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Issue #40 - October 9, 2013

AAPC ICD-10 Tips and Resources


Featured Article
In the News
Coding Snapshot
ICD-10 Strategies
ICD-10 Resource


Code Set Boot Camps:
Madison, WI 10/17
Morgantown, WV 10/17
Nashville, TN 10/24
Sacramento, CA 11/7
Eatontown, NJ 11/14
Houston, TX 11/14

Implementation Boot Camps

Anatomy & Pathophysiology Online

Code Set Training


ICD-10-CM General Guidelines

The general guidelines in ICD-10-CM are intended to provide overall guidance on usage of the code set. The guidelines are similar to those in ICD-9-CM with a few exceptions. Let's take a look at some of them.

The guidelines are located in Section I.B of the code book. There is a general statement made at the beginning of the section regarding hierarchy of application of the guidelines. It states, "The conventions and instructions of the classification take precedence over guidelines." This means that if the guidelines give a certain instruction (eg, sequencing rules) but the Tabular Index gives a different instruction for a specific category or code block, then the instruction in the Tabular Index should be followed.

Other guidelines to pay attention to in the general ICD-10-CM guidelines:

I.B.13. Laterality: This is a new guideline as bilateral codes do not exist in ICD-9-CM, but in ICD-10-CM, some codes contain laterality in the code. The guideline state that if no bilateral code exists and the condition is bilateral, two codes must be assigned (one for right and one for left) to report the complete condition. For example, a patient has bilateral carpal tunnel syndrome. The codes for carpal tunnel syndrome do not include a bilateral code. To report the bilateral condition, codes G56.01 Carpal tunnel, right upper limb code G56.02 Carpal tunnel, left upper limb, would need to be assigned.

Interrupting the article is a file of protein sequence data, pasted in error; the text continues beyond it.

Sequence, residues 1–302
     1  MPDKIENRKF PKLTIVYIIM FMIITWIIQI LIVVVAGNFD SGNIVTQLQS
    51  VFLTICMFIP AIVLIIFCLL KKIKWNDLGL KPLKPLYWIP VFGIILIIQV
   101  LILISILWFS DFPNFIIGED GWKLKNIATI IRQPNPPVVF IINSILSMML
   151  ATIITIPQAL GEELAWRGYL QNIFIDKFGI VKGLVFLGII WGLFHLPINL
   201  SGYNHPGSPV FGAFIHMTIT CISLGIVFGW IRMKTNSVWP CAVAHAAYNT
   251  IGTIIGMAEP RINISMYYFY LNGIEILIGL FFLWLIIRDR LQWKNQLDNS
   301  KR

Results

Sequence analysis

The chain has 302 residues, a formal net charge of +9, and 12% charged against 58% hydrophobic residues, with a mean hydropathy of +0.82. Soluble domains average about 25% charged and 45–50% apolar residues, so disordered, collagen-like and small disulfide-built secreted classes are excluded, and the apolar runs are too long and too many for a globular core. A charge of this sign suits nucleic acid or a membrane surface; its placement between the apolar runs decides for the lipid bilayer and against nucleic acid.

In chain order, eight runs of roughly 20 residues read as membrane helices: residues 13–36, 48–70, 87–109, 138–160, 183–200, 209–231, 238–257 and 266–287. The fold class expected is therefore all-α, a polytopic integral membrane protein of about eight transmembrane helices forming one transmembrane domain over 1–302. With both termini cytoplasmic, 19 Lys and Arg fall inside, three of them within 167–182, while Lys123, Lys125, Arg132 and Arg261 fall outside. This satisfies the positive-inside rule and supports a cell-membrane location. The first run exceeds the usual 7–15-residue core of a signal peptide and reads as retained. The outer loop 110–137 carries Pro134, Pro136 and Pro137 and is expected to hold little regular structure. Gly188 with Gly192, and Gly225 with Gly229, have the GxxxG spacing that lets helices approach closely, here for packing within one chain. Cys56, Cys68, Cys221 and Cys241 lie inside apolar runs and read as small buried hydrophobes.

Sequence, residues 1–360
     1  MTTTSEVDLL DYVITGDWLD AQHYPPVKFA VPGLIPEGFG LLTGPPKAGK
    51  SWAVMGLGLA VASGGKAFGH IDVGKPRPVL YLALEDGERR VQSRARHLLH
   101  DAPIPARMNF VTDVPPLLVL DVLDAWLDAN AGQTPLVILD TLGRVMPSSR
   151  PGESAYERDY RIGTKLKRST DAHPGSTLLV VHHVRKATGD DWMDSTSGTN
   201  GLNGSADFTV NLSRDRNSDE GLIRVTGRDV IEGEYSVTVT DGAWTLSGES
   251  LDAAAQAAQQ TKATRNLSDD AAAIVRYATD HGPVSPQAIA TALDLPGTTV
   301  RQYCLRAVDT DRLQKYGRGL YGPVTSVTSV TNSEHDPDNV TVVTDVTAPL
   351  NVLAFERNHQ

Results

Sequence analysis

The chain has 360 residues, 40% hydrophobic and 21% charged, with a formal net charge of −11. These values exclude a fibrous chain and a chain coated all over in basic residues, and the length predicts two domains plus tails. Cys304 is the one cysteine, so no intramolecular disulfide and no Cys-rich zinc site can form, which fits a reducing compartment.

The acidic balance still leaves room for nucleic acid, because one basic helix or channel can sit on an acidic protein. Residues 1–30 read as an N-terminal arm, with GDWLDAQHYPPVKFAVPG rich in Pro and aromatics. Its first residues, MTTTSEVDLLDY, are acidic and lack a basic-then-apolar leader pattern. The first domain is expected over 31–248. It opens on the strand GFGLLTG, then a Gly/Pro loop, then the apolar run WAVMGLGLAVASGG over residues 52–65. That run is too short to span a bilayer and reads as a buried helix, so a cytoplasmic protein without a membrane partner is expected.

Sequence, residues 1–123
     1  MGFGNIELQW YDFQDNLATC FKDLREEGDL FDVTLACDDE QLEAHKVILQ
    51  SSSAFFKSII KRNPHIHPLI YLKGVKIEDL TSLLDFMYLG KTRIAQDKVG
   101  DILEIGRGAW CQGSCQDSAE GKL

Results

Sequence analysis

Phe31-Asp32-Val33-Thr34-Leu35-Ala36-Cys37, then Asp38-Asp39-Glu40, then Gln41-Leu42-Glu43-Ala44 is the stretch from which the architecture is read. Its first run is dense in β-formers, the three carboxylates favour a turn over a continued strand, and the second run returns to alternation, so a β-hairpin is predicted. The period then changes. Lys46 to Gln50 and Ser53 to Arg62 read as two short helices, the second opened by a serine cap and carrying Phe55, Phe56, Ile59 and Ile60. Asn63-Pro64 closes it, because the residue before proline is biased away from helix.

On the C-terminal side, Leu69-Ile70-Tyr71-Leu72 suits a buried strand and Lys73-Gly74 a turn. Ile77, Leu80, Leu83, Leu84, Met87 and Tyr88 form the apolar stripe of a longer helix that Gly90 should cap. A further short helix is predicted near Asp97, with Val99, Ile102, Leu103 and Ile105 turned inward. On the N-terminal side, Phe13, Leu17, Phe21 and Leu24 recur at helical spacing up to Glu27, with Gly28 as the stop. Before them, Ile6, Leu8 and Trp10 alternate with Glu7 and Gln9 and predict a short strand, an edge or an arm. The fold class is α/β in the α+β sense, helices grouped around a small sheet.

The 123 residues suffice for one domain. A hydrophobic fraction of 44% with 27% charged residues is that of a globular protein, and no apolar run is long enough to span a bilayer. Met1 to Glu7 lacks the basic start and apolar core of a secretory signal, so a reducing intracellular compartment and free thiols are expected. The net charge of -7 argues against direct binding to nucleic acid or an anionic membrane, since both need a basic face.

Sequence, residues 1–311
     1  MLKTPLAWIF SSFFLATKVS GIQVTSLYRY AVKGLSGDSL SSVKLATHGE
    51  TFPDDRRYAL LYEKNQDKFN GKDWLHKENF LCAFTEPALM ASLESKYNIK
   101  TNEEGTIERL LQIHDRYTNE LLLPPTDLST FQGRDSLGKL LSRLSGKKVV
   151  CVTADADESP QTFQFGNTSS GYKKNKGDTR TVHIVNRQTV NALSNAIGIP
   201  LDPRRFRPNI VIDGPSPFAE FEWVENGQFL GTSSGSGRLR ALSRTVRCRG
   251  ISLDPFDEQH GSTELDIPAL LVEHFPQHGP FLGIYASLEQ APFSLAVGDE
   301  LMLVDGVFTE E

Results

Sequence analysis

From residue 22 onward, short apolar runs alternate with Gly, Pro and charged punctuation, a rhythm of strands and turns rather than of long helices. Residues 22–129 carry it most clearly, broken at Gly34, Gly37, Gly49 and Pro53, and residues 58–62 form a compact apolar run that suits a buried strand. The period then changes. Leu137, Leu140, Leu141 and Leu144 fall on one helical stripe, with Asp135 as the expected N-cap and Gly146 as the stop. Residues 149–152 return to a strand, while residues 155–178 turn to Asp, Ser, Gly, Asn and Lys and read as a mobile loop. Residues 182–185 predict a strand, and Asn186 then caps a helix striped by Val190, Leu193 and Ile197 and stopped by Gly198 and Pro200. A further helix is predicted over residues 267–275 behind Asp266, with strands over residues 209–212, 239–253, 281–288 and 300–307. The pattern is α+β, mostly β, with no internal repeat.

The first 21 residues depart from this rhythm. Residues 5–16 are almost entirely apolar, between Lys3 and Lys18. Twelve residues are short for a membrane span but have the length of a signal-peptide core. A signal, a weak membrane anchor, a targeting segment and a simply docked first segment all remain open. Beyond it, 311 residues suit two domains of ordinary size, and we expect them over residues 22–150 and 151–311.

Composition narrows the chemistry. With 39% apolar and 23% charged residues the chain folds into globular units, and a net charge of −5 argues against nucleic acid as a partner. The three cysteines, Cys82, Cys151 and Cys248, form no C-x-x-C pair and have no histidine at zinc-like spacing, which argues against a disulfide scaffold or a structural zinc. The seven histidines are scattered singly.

I.B.16. Documentation of Complications of Care: this guideline gives direction regarding the requirements for a condition to be reported as a complication of care. It states that code assignment is based on the provider's documentation of a cause-and-effect relationship between the care provided, the condition, and that it is a complication. Discussions with physicians and other providers regarding specifics of their documentation is important to show the complexity of a patient's case. The guideline also states that if the documentation is not clear as to the relationship, the physician or other provider should be queried for clarification.

I.B.17. Borderline Diagnosis: If a physician or other provider documents a condition as being borderline at the time of discharge, there are two choices. If the term Borderline is referenced in the Alphabetic Index, and there is an entry for the specified borderline condition, then condition is coded. For example, borderline diabetes has a listed code in the Alphabetic Index of R73.09 Other abnormal glucose. If there is no entry, the condition is coded as if it exists. This guideline applies to inpatient or outpatient discharges. If the documentation is unclear, the guidelines again state to query the provider of service for clarification.

I.B.18. Use of Signs/Symptoms/Unspecified Codes: This is a new guideline for 2014. This guideline addresses the use of signs, symptoms, and unspecified codes. It states that unspecified codes have acceptable uses and are necessary at times, and each encounter should be coded to the level of certainty known for that encounter. Signs and symptoms are appropriate to report when a definitive diagnosis has not been established at the end of the encounter. If sufficient clinical information is unknown or unavailable (waiting on labs, etc) it is acceptable to report an unspecified code. The guideline further states, "Unspecified codes should be reported when they are the codes that most accurately reflects what is known about the patient's condition at the time of that particular encounter."

The final instruction regarding correct code assignment states it would be inappropriate to assign a more specific diagnosis code not supported by documentation. It is also inappropriate to order additional diagnostic testing to determine a more specific diagnosis code.

It is a good idea to familiarize yourself with all guidelines before the live date for ICD-10-CM, October 1, 2014. We are less than one year away from implementation.

In the coming issues, watch for articles that delve into the chapter specific guidelines to help ensure proper code assignment in ICD-10-CM.


Back to School with CMS for ICD-10
CMS is launching a series of email update messages to help practices with ICD-10 preparations. The updates will have useful tips and resources to help a practice get up-to-date, or continue with, their ICD-10 preparations.

The series will cover:

  • Resources available at no cost from CMS and medical/trade associations to help you identify specific steps your practice should take to get ready for ICD-10